Loving Prudently

alanis-morissette-27121Back in the 90’s, when I was young, I liked a particular female rock singer. She of course had a song bitterly excoriating her boyfriend who had left her for another woman. She sang, “And does she know how you told me you’d hold me until you died? But you’re still alive.”

The father in the parable we read at Sunday Mass might have his own version of this song, in which he would sing to his second son, “Son, don’t you know that you told me you’d work in my vineyard today? But you’re still in your room.”

Let your Yes mean yes—anything else is from the evil one, saith the Lord. Eager and well-meaning people can get themselves into a lot of trouble by making beautiful promises, and then not keeping them.

Next month our Holy Father, Pope Francis, will meet in Synod with bishops, theologians, and married people from all over the world. At this Sunday’s Mass we pray especially for the success of the Synod. The Synod will discuss marriage and family life in our times, the age of the New Evangelization.

Continue reading “Loving Prudently”

Friend, Faith, Facts

[PREVIEW PREVIEW: Your unworthy servant gives his final apologia for not being on the Religious-Freedom bandwagon.]

Like any God-fearing person, I consider the red solo cup a friend. But: Can we really count on the First Amendment of the U.S. Constitution?

In my book, an idea is reliable as a friend precisely to the degree that the idea is clear. The clearer the idea, the better a friend.

“Stay out of trouble” makes for a good friend. But “keep the needle on the speedometer within 10 mph of the posted speed limit” makes for a better friend, owing to its greater clarity.

Now, I do not mean to suggest that

Congrefs shall make no law respecting an establishment of religion, or prohibiting the free exercise thereof

does not make for a respectable friend, as ideas go.

This sentence makes nicer with the Church than a sentence like “La ley, en consecuencia, no permite el establecimiento de ordenes monasticas”—by which the original Mexican Constitution of 1917 forbad religious orders.

But, as a friend, the First Amendment of our Constitution can get prickly. Quickly. Because what it actually means is, well, not clear.

Does the state have the right to bind believers with laws that impede the exercise of religion? Well, yes—when the protection of the common good is at stake. The Supreme Court has so ruled, I believe–as well it should.

But, of course, there is no telling how a court will rule in any given “separation of church and state” case. Because the idea itself is really quite opaque.

Does it mean that the President can’t appoint bishops? Or does it mean that he can’t appropriate money to support the work of Catholic social workers? Does it mean that the government can’t prevent me from praying in public? Or does it mean that no law can prohibit the ritual use of narcotic mushrooms? Or polygamy?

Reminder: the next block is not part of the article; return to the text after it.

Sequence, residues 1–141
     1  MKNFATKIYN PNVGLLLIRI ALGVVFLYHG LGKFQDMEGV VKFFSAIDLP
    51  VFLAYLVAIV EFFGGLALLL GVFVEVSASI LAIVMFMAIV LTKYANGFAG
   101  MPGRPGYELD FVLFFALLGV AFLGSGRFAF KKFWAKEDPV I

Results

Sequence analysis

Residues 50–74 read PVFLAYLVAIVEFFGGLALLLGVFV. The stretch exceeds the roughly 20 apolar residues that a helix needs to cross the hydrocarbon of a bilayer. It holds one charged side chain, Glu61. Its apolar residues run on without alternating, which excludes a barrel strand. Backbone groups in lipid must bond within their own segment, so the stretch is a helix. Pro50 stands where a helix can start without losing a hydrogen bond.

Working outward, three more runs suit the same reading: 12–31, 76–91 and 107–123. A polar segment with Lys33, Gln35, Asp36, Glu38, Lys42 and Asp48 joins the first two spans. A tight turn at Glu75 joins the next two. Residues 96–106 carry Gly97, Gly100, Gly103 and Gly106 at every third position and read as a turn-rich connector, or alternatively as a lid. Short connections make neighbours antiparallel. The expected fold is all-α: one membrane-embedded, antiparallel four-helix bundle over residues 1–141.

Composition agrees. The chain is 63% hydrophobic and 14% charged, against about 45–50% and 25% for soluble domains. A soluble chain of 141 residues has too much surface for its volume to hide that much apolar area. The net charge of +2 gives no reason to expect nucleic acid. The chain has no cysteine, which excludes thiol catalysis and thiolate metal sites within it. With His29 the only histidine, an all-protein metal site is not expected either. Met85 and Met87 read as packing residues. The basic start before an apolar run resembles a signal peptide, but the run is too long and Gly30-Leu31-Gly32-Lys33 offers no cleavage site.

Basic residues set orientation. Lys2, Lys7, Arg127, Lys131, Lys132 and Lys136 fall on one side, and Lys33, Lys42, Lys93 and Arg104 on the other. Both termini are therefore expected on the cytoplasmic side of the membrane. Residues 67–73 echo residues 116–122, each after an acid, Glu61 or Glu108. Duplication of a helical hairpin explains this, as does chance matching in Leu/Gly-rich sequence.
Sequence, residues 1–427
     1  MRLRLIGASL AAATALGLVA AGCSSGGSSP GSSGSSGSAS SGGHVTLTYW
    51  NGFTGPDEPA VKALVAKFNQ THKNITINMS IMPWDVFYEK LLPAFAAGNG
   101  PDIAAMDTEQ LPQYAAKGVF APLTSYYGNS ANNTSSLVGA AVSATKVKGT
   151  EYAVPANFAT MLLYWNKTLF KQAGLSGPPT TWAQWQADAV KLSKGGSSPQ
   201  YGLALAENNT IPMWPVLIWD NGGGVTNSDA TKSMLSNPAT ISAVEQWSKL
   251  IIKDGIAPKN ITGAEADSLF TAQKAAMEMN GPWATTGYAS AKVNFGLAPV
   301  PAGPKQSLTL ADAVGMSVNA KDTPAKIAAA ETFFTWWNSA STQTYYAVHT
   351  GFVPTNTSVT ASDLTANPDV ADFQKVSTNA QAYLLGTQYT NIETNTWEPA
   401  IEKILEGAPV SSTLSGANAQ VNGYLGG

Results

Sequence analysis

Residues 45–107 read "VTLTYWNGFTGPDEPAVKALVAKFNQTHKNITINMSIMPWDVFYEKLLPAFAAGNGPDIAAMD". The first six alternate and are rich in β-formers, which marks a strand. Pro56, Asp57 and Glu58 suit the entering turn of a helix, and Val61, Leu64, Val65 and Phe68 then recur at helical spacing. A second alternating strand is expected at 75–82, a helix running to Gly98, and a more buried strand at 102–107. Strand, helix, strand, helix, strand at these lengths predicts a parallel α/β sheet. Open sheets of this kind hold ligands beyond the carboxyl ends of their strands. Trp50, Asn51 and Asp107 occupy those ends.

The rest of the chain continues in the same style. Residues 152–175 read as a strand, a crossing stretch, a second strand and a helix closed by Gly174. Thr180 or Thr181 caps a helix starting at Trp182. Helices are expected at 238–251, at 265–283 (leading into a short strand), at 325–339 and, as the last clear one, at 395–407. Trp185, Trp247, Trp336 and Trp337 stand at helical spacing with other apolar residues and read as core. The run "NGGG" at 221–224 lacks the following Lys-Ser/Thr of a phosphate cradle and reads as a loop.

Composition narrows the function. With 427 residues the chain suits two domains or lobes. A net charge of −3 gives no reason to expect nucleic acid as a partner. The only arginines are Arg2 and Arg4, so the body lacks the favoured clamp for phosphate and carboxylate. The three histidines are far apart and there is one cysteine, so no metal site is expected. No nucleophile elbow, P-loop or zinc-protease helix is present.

Having read somewhat widely on the subject, I am left with the following impression: The First Amendment is much more an object of faith than Pope Paul VI’s encyclical about artificial contraception is.

I applaud any couple who refrain from using artificial contraception simply because “the Church teaches it’s wrong, and I believe in the Church.” Beautiful exercise of faith.

But I would venture to claim that, for the most part, the great army of people who eschew artificial means of contraception do so because the practice is evidently unnatural, unwholesome, and unbecoming a mature person.

As I have tried to point out before, Pope Paul VI himself never proposed his doctrine on artificial contraception as an object of faith. Spilling semen intentionally is a bad business. We can read about this in Genesis 38. But we do not need to read the Bible to get the drift.

And killing an unborn child? Better to consult a sonogram than Scripture, if you want to know why no one should ever do it.

If it gets boring, please forgive me. But I cannot help but return to one of the great themes of my silly little life:

When it comes to sexual morality, what the Church teaches is a matter of sound science. It is based on a combination of the following: cold, hard biological facts and one simple proposition, “People who live as if God does not exist do not thrive.” (This proposition has been demonstrated repeatedly by psychological and sociological studies.)

The Church teaches many things about supernatural truths that must be accepted on faith—e.g., Christ in heaven, the sacraments, etc. But Her sexual morality is not one of these things.

On the other hand, it seems to me that “the separation of church and state” has become more of a shibboleth, mouthed religiously, than a clear idea.

So, here is my little apologia: Continue reading “Friend, Faith, Facts”